Whether the influenza originated in Kansas or originated elsewhere, health officials indicated that the disease spread through military transports that moved hundreds of thousands of Americans throughout the United States and to and from Europe. The Library of Congress reported that more than 1 million Americans served in military units in Europe during World War I. As the virus spread, some of the military personnel came back to their hometowns unwittingly bringing an invisible killer with them.

One of the problems at that time, according to the CDC, was that “many health professionals served in the United States military…[overseas], resulting in shortages of medical personnel around the United States. The economy suffered as businesses and factories were forced to close due to sickness amongst workers.”

To put the times in perspective, life seemed “normal” at the New Mexico Normal School (now known as “Western New Mexico University”) on September 20, 1918. The Evening Herald of Albuquerque reported that the Normal School was conducting a story hour for children in Silver City on Sunday afternoons at the D.A.R. Park.

As the pandemic arrived in Grant County, schools in Silver City and elsewhere were closed. According to a news article dated November 24, 1918, in the Albuquerque Morning Journal, “Miss Martha Piotrowski, head of the English department [of today’s Western New Mexico University], has been rendering splendid service as a nurse since the close of school.” The news article explained that Miss Piotrowski was among a group of volunteers from Silver City who went to Mogollon to help the local folks there. The Albuquerque Morning Journal reported that 10% of the population in Mogollon died from the influenza pandemic.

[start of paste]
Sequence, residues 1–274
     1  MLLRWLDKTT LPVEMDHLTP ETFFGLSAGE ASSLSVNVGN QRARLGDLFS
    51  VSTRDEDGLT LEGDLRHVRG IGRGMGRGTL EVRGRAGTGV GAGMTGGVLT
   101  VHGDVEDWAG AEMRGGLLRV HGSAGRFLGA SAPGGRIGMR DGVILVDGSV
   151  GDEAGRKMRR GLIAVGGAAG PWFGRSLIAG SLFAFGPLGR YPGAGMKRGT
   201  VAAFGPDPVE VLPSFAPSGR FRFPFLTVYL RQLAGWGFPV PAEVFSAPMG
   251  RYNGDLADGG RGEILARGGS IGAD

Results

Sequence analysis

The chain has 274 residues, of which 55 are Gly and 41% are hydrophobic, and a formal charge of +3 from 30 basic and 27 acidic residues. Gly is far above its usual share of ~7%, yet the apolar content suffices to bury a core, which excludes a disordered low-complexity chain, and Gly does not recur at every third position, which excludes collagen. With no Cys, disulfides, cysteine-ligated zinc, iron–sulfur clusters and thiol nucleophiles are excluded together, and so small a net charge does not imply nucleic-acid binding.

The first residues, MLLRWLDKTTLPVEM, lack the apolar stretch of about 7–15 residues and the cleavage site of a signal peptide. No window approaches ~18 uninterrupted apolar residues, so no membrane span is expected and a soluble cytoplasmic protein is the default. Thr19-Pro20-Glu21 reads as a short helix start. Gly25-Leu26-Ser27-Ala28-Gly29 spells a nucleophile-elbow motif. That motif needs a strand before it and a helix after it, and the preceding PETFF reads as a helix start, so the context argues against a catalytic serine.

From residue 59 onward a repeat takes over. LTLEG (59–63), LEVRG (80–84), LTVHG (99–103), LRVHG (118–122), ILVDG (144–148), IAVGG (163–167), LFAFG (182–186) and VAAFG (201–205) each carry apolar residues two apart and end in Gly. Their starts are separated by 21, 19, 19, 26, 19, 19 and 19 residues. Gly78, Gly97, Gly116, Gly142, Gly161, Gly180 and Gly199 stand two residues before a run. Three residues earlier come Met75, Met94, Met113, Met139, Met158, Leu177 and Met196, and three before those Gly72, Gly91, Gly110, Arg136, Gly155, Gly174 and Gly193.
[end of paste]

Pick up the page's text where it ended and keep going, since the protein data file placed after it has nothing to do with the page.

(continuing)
No one knows for certain the actual number of people who died at Mogollon.

The CDC reported that the third wave of sickness and death occurred during the Winter of 1918-1919 and the Spring of 1919. While this pandemic ended during the Summer of that year, the virus that caused this pandemic, as noted previously, came back seasonally for 38 more years. Sickness and death because of this virus continued each season – just not at the levels experienced during 1918 and 1919.

It remains to be seen whether today’s pandemic will come in waves as in 1918-1919. Leaders are striving to “flatten the curve” so that the health care system is not overwhelmed. Those efforts will likely mean that the pandemic will last for some time as the disease spreads from person to person.

People in 1918 and in 1919 had far less resources than we do today. Knowledge of diseases was more limited at that time. Yet, Americans persevered. They met the challenges. They survived as a society.

If the patterns of past pandemics in modern history hold for the Covid 19 Pandemic, most people will survive. Unfortunately, heartache, sickness, fear, and death will be part of that survival process for the United States.

seattle street car national archives 1918A street car conductor is seen here in Seattle not allowing a passenger on board without a mask in 1918.

“Mass transit systems, with crowds of people in close quarters, were fertile venues for the spread of disease,” noted the United States National Archives and Records Administration. “In Seattle, public health officials required passengers and employees wear masks as a precautionary measure.” (The photo was provided courtesy of the National Archives and Records Administration.)

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Contact Richard McDonough at chroniclesofgrantcounty@gmail.com.

© 2020 Richard McDonough